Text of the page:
I certainly sympathize with the author’s concerns. I have often found myself teaching algebra and calculus concepts when I’ve needed my students to understand concepts in music, and especially in the physics of sound. But the idea that students should not have to take algebra if it impedes their educational process is fundamentally flawed.
This only perpetuates what I call the C. P. Snow myth, that the arts/humanities and the sciences are so separate and distinct that they have no connection or correlation to one another, that they can and should be studied separately, and that we shouldn’t expect people to be able to understand both. The myth is just that, a myth.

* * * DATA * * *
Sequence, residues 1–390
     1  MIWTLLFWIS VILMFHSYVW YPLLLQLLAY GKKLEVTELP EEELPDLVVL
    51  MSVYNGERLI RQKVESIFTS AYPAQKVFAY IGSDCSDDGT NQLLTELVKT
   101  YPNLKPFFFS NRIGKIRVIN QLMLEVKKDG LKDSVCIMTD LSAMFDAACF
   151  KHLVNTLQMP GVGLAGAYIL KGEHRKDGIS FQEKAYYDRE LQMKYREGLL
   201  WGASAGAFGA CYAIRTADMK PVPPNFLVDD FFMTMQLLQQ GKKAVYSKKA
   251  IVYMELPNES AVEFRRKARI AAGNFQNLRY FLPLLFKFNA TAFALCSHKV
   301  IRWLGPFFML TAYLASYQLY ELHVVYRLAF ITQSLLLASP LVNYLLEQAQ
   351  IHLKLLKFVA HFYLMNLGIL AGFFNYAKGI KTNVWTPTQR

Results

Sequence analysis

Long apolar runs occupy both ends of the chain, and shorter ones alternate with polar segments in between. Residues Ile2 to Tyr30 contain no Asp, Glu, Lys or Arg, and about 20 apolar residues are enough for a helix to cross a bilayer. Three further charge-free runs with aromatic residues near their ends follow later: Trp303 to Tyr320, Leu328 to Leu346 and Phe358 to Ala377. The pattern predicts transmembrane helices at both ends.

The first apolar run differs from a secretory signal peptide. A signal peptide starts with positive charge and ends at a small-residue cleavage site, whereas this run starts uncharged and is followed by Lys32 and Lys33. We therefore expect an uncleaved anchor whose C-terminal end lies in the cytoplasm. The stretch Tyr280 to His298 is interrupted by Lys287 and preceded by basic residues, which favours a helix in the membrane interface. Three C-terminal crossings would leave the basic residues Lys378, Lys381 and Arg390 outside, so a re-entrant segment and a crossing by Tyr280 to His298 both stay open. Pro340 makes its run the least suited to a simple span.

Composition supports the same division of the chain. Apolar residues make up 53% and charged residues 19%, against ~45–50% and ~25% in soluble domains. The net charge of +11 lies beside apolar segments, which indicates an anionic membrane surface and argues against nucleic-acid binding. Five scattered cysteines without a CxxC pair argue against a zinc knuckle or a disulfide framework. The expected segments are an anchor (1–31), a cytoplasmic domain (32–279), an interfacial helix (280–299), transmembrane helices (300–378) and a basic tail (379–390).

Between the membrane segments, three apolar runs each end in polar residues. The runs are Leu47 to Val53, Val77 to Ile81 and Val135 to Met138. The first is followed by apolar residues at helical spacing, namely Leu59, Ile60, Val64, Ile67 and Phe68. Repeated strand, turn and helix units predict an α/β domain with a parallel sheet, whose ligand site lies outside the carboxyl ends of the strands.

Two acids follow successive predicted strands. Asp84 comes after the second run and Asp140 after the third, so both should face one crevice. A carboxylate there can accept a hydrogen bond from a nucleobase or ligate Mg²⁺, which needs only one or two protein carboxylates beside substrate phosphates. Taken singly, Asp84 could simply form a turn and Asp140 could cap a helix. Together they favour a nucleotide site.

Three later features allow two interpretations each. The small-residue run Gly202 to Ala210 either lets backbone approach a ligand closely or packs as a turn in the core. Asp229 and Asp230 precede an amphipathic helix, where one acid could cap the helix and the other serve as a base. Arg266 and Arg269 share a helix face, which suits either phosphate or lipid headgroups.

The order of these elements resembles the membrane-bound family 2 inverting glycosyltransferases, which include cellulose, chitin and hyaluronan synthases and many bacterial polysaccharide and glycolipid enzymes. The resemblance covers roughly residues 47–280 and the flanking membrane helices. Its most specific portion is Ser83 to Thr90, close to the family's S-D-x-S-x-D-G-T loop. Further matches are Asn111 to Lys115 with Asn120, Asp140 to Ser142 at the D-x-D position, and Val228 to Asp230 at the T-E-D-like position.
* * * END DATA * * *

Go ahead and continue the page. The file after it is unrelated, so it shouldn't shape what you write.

The challenge we have is in the way we teach Algebra in high school, and math in general. New technologies can help make math more visual and relevant. We must approach its teaching from our 21st century perspective, with real world problems and their computational implications. If we really want to solve the problem of math illiteracy, we need to address its teaching, and not vilify the subject.
To paraphrase JFK, we study math not because it is easy, but because it is hard.